My Life as a Librarian, or That What Does Not Kill Me Makes Me Interesting

Counterpunch has a column by Linda Ueki Absher, 'the lipstick librarian'. Here's a portion:

It's finally happened: everyone wants to be me.

Well, they don't want to be me, me. After all, who wants student loans, an undervalued house and a sweater that looks like I've just mugged a red heffalump? But everyone under thirty with skinny black jeans and artistic facial hair, or Bettie Page bangs and winsome skirts with felted bird appliqués (with an influential minority wearing all of the above) want to be what I am: a librarian. This is a surprise, to put it mildly.

A surprise because when I announced to friends and loved ones that I wanted to become a librarian, reaction was less than enthusiastic, running somewhere along the lines of what I would expect if I'd just announced I was really Joan of Arc but with less restrictive clothing and a high tolerance to heat: pity, bewilderment and resignation. It was as if I declared my intent of becoming a secular nun. I went to library school--a graduate program, no less, learned unspeakable things ("a festschrift is WHAT?") and graduated two years later. I was a librarian, with all its perks (steady income and access to books) and downsides (embarrassingly low steady income and non-existent social life)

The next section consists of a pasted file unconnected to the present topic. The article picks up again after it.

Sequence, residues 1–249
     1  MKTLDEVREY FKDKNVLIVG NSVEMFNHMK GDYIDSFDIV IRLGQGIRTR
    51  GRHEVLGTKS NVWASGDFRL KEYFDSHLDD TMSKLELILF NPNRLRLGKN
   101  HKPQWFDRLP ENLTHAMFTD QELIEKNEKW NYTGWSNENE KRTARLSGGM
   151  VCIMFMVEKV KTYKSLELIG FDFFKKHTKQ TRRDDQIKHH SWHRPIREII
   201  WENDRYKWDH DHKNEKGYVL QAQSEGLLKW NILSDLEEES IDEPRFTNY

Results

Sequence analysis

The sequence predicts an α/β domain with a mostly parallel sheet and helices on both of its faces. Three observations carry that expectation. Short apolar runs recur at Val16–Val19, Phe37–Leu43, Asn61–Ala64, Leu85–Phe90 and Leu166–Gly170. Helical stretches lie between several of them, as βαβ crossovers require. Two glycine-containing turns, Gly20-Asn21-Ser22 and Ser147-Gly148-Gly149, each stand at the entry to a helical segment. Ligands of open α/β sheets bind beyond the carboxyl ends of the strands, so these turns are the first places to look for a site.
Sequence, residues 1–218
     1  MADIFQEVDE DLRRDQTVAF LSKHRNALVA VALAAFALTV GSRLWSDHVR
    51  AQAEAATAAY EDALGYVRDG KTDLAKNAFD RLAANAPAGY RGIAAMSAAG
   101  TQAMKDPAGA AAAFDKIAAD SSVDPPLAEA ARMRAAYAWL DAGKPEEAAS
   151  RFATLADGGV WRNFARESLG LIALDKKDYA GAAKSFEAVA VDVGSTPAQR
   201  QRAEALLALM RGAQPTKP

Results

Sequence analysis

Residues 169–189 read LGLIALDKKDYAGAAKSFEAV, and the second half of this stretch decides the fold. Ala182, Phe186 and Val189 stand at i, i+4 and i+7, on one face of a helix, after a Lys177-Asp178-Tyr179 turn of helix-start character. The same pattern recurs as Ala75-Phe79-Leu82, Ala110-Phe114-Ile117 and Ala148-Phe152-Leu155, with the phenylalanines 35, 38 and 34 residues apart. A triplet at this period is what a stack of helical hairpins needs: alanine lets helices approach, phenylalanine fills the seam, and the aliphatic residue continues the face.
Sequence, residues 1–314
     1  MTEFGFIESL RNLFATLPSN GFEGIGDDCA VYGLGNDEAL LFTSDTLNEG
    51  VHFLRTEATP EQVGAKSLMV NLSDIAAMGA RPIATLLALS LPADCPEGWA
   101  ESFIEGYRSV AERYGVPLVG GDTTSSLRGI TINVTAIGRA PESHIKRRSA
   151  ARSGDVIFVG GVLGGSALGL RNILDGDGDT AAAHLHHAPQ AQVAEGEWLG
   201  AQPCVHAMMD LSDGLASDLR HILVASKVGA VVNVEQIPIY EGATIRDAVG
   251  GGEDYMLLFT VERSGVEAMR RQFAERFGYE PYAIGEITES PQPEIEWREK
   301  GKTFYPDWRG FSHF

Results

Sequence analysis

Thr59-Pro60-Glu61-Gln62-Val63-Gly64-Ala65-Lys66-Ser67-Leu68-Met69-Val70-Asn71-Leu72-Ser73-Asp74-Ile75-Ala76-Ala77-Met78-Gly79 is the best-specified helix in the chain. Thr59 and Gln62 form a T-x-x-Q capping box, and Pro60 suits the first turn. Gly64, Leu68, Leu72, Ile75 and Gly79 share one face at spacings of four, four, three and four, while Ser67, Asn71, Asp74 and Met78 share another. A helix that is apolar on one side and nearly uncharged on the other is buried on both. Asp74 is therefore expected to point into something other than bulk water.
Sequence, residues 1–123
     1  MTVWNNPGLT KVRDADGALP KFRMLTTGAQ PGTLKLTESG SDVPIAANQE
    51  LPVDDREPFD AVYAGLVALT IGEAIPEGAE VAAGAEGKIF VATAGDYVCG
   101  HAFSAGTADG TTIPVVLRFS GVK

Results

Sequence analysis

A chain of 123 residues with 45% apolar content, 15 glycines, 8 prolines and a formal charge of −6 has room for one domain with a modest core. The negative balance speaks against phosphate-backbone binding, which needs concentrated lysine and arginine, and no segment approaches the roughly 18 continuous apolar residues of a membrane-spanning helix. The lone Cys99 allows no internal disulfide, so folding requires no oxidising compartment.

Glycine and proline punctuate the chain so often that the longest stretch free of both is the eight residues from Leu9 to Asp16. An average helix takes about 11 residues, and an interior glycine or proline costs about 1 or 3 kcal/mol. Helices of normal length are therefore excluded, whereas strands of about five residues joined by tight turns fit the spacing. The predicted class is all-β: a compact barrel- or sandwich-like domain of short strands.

But since library school, something odd happened: librarians became hip.

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